A few months ago, organizers at Jacksonville e-mailed to ask if the Amphibious Fire Engine could perform as Santa Claus' sleigh in their Christmas parade. This makes two years in a row. It could become a tradition.
The Jacksonville Christmas parade kicks off the shopping season each first Saturday in December, and it's the easiest event we do. On most events we like to have a follow vehicle in case anything goes wrong, but since Jacksonville is less than two miles from Hanley Farm, one person can feel fairly confident driving to town, doing the parade and taking her home. Happily, Mike Trump offered to follow in his car. Most of the other volunteers were unavailable because they're members of the Model A club and busy driving their Fords in the parade.
Mike and I did the usual routine the day before the parade, checking the engine fluids and battery and waking the old girl up to make sure she'll start after a few months asleep. As usual, she started right up.
In October we'd had a little work party to remove the oak seat from the bed of the fire engine. Jim Martin, Bill Mendels, Mike Trump and I stored it in a farm outbuilding far from the dust and rodents in the barn. If the world returns to normal we can put it back, but right now scheduling people to ride in events is a problem. This is complicated by our insurance carrier's decision that everyone on the vehicle has to be strapped down while traveling two miles an hour in a parade. People riding on other organizations' parade floats while sitting on folding chairs seem to survive the experience, but it's apparently a risk we can't take.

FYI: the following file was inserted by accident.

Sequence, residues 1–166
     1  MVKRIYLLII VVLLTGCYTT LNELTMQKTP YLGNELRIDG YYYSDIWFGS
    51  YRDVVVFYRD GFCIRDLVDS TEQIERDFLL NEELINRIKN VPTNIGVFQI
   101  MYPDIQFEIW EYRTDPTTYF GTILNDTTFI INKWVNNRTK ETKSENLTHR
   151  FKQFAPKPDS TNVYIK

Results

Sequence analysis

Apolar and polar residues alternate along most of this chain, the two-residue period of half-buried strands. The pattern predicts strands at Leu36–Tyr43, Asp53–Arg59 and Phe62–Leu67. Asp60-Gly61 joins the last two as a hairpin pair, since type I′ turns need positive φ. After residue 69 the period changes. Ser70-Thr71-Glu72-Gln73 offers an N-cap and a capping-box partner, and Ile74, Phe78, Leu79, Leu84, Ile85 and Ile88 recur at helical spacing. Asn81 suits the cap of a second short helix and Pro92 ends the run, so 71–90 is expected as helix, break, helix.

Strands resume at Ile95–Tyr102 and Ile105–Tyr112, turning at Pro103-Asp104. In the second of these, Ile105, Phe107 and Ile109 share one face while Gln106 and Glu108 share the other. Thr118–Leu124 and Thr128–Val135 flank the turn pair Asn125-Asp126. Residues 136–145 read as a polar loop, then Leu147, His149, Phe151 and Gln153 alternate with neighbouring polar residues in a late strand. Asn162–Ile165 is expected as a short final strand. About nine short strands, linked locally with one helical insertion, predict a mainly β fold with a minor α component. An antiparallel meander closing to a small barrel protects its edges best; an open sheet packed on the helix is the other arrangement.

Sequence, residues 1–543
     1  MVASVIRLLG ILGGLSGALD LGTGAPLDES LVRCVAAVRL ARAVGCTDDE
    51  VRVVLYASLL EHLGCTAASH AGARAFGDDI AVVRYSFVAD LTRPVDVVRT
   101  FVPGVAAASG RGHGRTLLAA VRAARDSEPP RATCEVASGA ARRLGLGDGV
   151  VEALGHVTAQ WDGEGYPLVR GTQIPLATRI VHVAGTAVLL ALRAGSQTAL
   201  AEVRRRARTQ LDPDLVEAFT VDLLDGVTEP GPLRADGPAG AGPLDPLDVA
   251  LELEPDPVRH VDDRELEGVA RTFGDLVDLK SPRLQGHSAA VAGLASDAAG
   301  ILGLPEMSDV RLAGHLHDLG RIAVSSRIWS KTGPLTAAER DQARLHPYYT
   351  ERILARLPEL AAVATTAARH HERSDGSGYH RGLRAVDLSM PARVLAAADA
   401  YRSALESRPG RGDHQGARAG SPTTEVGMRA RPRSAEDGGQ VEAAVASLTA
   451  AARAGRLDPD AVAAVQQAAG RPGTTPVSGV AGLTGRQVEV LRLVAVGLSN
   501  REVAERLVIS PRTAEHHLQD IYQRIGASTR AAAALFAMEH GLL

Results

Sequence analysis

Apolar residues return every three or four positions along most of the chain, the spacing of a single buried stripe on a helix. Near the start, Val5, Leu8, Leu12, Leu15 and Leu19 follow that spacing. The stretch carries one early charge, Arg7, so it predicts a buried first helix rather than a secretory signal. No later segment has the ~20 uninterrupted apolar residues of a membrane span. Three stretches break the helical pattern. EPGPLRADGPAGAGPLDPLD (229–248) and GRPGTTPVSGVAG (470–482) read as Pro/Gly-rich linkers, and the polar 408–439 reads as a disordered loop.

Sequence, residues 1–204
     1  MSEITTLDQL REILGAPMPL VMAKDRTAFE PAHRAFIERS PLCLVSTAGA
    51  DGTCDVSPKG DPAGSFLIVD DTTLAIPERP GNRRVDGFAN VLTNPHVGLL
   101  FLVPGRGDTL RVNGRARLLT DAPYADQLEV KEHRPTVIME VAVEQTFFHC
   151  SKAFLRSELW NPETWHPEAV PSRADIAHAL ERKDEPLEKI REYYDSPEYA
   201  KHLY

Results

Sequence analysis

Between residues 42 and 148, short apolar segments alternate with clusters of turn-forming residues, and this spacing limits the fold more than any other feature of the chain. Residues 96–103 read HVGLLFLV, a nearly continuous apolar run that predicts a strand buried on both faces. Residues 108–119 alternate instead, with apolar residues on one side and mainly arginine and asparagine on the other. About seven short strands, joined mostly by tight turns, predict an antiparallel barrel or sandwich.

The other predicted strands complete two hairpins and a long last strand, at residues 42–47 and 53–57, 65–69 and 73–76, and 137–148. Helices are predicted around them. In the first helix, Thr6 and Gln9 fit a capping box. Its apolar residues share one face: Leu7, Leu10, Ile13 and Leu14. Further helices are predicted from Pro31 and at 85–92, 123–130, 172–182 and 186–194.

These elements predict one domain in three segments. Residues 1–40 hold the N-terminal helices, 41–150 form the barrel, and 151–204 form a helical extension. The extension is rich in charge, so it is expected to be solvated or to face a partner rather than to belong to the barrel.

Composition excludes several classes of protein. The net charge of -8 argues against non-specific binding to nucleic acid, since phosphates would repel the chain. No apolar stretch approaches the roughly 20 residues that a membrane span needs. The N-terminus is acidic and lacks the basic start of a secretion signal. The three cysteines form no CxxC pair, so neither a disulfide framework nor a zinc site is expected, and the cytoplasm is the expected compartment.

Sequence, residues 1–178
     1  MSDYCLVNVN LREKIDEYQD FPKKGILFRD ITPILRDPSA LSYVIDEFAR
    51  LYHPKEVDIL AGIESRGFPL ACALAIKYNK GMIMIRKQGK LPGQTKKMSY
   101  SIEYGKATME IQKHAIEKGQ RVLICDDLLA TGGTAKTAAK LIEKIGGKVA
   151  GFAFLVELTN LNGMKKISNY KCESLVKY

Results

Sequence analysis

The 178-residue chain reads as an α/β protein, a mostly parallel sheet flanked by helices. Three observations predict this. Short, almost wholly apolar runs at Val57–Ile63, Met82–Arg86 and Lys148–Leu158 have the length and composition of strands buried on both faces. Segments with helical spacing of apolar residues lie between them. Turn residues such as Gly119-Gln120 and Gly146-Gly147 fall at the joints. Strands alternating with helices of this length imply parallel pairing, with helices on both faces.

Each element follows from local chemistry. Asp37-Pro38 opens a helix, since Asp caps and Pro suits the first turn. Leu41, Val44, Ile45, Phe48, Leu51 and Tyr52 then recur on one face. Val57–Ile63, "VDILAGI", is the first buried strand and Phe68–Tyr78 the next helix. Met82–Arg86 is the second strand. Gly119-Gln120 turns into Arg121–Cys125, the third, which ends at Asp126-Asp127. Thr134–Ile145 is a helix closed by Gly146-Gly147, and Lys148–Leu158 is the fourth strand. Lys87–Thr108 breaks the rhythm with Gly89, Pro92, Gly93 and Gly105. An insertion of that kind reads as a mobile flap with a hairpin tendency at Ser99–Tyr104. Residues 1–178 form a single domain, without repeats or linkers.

While moving the seat we learned that storing things on a fire engine in a barn is not a good idea, unless you're a rodent. Anything under the seat that could be chewed up to make a warm nest had been chewed. Happily, we'd stored our engine manuals and parts books in plastic tubs, so everything irreplaceable was spared.
But back to the parade. Determining that unlike last year I would be warm while driving in an open cab on a frosty December morning, I decided to wear my 1920s raccoon coat. (This makes the second consecutive blog entry with a raccoon reference.) And I was toasty.
After the parade we parked on Third Street opposite the Beekman Bank to drop Santa off and let kids climb on the fire engine and work the horn and siren. This time I think one of the kids used the turn signal unit to pull herself into the cab. It broke off in her hand, and she held it up with a "What do I do with this?" expression. Good question. It seems all brands of turn signal switches are made with a pot-metal case that's vulnerable to abuse. Mike has an idea of how to attach it more securely, but we may just have to replace it and consider them expendable.